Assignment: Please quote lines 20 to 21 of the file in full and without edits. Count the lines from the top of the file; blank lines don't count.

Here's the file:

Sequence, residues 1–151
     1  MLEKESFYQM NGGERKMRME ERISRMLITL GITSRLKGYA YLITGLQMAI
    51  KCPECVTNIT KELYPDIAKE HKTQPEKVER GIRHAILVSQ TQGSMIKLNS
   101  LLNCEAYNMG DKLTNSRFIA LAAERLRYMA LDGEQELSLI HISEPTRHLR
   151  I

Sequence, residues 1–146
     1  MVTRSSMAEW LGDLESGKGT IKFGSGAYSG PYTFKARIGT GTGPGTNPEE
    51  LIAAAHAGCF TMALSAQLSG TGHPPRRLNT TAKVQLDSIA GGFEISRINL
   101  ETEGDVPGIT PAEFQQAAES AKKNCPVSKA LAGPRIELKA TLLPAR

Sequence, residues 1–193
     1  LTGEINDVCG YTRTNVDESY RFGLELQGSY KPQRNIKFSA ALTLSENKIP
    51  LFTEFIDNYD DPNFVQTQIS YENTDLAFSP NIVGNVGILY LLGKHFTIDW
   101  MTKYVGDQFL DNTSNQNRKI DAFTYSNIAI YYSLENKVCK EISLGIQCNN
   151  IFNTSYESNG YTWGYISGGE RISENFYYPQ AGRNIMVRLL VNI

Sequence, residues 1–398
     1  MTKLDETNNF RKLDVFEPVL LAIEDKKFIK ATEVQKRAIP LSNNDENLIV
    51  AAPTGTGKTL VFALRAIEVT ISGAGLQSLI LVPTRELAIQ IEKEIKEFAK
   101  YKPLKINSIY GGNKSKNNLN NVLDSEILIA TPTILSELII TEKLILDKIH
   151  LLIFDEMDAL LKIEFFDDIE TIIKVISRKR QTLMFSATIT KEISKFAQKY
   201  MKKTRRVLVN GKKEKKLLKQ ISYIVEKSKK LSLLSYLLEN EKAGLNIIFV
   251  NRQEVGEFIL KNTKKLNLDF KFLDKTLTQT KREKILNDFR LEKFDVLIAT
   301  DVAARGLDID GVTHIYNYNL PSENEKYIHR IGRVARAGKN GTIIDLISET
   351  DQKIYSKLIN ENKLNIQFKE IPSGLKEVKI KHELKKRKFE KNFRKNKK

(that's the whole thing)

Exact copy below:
   201  MKKTRRVLVN GKKEKKLLKQ ISYIVEKSKK LSLLSYLLEN EKAGLNIIFV
   251  NRQEVGEFIL KNTKKLNLDF KFLDKTLTQT KREKILNDFR LEKFDVLIAT